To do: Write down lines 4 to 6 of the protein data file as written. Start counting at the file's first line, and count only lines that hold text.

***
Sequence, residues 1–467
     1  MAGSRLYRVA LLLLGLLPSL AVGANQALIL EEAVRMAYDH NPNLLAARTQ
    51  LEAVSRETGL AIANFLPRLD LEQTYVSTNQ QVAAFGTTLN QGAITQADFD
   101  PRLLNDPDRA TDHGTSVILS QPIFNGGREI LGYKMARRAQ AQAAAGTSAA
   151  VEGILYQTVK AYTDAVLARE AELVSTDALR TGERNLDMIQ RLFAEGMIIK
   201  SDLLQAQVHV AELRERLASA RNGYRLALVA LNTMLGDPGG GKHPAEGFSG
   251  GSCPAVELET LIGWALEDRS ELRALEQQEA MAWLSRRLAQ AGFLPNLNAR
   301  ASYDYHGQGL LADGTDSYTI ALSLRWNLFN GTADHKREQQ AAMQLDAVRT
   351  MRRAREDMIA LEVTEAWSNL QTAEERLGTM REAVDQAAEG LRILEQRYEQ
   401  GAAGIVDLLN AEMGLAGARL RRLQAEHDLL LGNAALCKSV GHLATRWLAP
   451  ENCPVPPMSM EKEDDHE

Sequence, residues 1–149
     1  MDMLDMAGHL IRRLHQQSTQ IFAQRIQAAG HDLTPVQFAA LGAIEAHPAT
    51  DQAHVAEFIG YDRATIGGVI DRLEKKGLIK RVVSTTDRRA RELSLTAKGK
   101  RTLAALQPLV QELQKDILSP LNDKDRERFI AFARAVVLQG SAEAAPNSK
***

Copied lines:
   101  PRLLNDPDRA TDHGTSVILS QPIFNGGREI LGYKMARRAQ AQAAAGTSAA
   151  VEGILYQTVK AYTDAVLARE AELVSTDALR TGERNLDMIQ RLFAEGMIIK
   201  SDLLQAQVHV AELRERLASA RNGYRLALVA LNTMLGDPGG GKHPAEGFSG